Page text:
Guardrails (also known as guard/ girder/ restraining/ check rails) are used in transit systems to reduce rail wear in sharp curves and to increase the track’s resistance to flange climb derailment. Guardrails are also installed in track curves where the high rail wears rapidly, because they are considered beneficial in reducing the frequency and cost of high rail replacements. Guard rails are placed parallel to regular running rail along areas of restrictive clearance, such as a bridge, viaduct, trestle, or tunnel.
There are diffirent practices for restraining rail installation and that design and maintenance standards vary among transit systems. Guard rails are installed in a vertical or horizontal position according to design practices. The most common type of guard rail is a vertically mounted tee rail with about a 70- to 80-degree contact angle on the wheel ﬂange back, as following figure shows.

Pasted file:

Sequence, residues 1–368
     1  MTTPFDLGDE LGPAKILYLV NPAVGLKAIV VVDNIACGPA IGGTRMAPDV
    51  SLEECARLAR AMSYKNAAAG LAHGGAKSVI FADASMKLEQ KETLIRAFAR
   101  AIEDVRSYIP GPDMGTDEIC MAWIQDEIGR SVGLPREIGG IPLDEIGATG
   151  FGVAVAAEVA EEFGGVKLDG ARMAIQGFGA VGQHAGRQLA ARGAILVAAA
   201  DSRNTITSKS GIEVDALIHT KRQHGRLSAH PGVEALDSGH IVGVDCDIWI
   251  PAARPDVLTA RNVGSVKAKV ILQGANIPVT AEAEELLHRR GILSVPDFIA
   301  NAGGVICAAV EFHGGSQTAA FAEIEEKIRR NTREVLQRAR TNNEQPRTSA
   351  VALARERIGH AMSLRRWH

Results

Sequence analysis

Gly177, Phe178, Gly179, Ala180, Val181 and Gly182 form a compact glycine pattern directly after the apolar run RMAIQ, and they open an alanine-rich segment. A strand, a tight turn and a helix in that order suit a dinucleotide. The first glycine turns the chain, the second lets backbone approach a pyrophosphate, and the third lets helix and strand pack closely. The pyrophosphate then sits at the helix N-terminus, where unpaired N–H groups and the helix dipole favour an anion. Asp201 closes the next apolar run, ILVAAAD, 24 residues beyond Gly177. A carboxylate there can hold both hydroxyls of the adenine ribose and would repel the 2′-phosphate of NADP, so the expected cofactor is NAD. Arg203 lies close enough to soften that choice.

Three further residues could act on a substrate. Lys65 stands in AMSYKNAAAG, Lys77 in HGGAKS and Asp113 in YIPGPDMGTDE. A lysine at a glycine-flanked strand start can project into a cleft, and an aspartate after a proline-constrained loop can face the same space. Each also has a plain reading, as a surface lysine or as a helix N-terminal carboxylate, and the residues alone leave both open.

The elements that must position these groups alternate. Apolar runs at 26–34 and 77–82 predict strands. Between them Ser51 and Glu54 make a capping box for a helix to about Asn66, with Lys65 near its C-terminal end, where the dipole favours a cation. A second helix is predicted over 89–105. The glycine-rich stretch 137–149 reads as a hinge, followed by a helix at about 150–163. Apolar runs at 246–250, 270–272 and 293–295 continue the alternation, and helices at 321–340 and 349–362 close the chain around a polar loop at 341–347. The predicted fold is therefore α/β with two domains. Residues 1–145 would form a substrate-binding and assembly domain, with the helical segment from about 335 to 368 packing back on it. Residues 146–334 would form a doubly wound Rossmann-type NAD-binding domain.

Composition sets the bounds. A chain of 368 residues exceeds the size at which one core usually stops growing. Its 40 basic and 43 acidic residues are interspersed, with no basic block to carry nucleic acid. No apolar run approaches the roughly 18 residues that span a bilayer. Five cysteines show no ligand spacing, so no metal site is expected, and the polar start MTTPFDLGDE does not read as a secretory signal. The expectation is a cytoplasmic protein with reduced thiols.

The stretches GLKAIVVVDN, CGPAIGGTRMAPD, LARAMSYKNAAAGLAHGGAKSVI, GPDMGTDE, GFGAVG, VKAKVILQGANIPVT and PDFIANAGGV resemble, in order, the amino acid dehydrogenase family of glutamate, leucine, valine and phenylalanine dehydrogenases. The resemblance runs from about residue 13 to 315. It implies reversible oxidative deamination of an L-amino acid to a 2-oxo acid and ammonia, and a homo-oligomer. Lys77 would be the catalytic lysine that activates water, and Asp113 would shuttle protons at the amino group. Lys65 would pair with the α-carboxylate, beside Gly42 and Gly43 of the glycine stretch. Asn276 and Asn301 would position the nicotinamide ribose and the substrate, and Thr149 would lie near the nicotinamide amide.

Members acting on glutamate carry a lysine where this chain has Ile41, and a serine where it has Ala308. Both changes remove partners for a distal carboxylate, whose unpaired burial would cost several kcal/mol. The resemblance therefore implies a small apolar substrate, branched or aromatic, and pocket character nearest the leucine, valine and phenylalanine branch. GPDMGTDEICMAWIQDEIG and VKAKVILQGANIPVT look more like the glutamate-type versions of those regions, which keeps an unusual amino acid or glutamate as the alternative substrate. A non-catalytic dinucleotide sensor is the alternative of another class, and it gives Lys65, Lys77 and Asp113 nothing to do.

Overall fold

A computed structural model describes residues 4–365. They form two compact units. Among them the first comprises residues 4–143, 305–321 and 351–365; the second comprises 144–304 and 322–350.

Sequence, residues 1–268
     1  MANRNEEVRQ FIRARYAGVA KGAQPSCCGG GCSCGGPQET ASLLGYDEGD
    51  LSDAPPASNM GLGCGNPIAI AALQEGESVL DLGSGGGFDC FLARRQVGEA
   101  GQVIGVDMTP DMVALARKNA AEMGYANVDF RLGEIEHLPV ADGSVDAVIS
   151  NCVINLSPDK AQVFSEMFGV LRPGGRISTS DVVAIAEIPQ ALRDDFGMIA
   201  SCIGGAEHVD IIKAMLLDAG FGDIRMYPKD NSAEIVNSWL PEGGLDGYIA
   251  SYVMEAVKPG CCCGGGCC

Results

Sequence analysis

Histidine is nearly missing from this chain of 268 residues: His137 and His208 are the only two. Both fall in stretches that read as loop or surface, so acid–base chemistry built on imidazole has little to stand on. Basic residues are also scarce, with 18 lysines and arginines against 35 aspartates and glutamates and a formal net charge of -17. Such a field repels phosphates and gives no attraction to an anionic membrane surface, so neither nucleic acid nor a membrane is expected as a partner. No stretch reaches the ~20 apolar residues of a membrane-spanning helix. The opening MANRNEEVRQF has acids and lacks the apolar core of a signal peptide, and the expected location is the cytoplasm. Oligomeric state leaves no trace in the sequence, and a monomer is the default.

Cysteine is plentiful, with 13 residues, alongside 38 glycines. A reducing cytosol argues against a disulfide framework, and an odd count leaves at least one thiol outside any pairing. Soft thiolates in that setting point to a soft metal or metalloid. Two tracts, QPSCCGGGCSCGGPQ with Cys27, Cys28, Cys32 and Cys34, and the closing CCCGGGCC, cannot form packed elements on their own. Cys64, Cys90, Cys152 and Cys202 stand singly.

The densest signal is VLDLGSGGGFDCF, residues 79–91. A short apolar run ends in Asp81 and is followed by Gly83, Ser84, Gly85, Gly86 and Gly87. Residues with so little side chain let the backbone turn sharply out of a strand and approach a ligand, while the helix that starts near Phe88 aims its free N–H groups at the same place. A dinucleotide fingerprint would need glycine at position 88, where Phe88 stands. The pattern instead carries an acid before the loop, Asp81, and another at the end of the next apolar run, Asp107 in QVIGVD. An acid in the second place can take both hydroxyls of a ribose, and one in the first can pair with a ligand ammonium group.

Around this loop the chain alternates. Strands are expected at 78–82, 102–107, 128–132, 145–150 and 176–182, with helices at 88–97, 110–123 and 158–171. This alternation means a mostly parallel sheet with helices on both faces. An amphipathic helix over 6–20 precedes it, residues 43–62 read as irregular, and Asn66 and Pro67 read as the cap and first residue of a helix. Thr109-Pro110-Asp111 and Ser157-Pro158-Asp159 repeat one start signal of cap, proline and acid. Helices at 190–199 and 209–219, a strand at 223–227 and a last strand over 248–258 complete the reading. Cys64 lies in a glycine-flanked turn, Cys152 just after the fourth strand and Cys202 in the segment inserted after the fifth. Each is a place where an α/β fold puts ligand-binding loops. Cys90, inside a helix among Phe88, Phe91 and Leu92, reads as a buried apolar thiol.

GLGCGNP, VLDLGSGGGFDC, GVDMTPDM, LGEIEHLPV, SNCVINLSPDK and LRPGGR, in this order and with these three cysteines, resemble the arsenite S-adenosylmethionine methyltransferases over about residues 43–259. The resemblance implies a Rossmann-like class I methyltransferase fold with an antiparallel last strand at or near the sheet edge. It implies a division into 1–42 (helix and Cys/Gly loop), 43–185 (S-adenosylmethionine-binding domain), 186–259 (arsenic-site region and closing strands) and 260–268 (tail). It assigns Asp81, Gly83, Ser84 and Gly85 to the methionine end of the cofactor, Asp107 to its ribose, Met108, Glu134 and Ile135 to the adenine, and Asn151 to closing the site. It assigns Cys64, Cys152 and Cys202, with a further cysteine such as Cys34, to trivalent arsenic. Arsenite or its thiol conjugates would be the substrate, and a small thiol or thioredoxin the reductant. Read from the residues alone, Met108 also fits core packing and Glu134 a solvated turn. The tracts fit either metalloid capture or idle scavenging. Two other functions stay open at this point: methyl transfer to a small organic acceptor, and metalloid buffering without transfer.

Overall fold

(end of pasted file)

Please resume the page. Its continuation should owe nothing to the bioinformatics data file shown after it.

W/R (Wheel/Rail) contact with guard rail.
The horizontal mounted tee rail, shown in following figure, makes contact with the wheel on the wheel back with a 90-degree contact angle.
Wheel and horizontal guard/restraining rail installed at high or low position.
The girder rail is used both on high and low rail on the concrete pavement way to keep the ﬂangeway on both rails.
The strap guard rail is an alternative to girder rail for the convenience of fabrication and installation.
Strap guard rail.
Source: tcrponline.org; Transit Cooperative Research Program – Use Of Guard/Girder/Restraining Rails; wikipedia.org